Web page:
Happy New Year!
While most of us wrapped 2006 with holiday parties and hopefully a few days off - hey, at least that's what I did last week - Chevy and Ford dealers finished a pitched battle to see which brand would wrap up the year as number one in total sales. The winner gets bragging rights as being America's favorite nameplate for cars and trucks. The loser will claim it doesn't matter. The truth is, this "two-man" race between Chevy and Ford could become a three horse battle in the next couple of years as Toyota closes in.
In 2005, Chevy passed up Ford as the best selling brand in the U.S. for the first time since the mid 80's. But in 2006, through November, Ford had outsold Chevrolet by roughly 23,000 vehicles. That's not an insurmountable lead -- Chevy dealers were working hard to come back and take the crown, all the while trying to hold the line on incentives.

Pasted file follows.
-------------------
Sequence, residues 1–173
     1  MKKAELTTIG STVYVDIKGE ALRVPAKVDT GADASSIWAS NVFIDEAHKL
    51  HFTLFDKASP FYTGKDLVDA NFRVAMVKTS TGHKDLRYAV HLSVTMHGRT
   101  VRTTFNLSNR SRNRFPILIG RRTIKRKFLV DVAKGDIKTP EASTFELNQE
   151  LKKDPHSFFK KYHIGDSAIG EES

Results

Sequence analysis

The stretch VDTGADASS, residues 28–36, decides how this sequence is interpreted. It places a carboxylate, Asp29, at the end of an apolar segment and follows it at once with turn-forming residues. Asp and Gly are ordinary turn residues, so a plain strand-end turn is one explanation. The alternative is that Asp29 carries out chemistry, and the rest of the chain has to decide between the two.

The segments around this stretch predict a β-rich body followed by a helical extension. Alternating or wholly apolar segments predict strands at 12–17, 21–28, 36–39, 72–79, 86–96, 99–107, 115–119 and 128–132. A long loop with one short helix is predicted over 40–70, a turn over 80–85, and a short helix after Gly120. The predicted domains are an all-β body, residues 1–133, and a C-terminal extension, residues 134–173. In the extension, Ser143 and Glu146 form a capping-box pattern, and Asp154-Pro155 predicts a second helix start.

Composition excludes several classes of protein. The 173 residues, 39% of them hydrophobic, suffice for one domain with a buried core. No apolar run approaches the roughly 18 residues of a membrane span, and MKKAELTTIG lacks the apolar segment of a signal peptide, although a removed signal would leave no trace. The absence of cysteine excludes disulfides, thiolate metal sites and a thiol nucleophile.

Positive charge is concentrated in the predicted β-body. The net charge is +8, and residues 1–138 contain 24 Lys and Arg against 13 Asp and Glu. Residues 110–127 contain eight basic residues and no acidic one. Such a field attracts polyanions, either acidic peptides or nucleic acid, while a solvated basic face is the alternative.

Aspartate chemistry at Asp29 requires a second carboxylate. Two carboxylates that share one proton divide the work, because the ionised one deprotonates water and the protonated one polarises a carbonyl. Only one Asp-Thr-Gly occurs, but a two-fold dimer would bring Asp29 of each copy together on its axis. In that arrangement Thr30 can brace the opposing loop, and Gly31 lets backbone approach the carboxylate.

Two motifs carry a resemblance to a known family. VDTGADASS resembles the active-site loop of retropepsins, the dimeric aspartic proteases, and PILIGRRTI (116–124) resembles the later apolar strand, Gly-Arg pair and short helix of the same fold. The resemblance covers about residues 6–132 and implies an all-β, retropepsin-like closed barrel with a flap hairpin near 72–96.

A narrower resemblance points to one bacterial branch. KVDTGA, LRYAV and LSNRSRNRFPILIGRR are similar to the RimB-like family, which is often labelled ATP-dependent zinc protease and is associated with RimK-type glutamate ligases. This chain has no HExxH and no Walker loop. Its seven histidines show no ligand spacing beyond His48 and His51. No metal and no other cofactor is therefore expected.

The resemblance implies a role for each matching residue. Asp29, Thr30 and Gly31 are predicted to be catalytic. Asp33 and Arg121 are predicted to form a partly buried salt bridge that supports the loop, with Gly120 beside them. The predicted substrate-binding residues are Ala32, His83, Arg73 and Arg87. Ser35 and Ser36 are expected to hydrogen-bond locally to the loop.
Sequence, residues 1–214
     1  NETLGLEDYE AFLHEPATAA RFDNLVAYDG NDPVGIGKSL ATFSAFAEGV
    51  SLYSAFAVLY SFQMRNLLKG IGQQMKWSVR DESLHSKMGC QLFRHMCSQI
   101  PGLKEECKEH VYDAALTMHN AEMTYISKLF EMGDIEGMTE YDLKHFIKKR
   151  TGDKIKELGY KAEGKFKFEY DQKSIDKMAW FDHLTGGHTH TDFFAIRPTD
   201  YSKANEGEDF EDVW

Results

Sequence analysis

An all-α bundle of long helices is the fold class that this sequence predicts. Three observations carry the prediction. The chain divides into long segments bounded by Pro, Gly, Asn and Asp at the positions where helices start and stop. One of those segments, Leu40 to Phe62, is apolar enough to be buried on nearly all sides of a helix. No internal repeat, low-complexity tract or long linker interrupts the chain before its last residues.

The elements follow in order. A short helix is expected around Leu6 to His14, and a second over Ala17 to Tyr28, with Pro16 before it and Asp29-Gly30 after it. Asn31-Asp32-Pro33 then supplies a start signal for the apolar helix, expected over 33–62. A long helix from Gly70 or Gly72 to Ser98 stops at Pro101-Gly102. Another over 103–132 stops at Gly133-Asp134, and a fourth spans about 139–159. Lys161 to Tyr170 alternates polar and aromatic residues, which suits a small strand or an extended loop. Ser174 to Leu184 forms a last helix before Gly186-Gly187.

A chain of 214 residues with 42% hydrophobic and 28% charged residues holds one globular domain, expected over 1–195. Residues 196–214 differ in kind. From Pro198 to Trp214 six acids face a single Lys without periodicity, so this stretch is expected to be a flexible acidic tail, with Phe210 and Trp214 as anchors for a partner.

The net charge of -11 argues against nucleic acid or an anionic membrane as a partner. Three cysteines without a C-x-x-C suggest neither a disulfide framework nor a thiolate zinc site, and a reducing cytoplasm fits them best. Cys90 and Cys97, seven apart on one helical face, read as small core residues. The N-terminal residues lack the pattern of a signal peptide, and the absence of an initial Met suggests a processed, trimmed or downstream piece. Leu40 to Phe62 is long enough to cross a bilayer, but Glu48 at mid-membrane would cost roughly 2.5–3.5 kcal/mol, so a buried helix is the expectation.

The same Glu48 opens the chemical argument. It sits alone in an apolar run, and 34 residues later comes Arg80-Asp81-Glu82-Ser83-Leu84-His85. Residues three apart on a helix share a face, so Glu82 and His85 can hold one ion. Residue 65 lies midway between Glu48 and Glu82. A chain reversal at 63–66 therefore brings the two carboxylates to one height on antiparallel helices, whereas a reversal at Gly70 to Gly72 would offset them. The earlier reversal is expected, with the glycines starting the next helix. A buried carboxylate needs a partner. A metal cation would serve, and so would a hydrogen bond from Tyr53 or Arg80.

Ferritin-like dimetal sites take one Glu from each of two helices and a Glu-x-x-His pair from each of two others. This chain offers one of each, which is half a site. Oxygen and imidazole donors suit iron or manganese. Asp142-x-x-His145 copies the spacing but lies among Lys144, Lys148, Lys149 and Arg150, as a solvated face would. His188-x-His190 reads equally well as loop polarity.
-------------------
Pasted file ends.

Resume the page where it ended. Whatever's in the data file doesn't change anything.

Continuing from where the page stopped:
Ford has said publicly that it's focused on getting back in the black and driving sales for the sake of profits, not market share. Since the automaker's already lost more than 5 billion dollars in 2006, they are taking the right approach. But one has to wonder if this is the last year either Chevy or Ford will be the top selling brand in the U.S.
Toyota is coming on strong. It went into December trailing Chevy by just 174,000 sales and Ford by 197,000. That gap is likely to draw even closer in 2007 as Toyota makes a big push with it's new Tundra pick-up. And if the re-designed Camry stays red-hot, the best selling car in the country could help a Japanese brand become number one with American car buyers in '07.
We'll have the first results on December auto sales starting Wednesday morning, and we will see who finishes '06 as the best selling brand.
Questions? Comments? BehindTheWheel@cnbc.com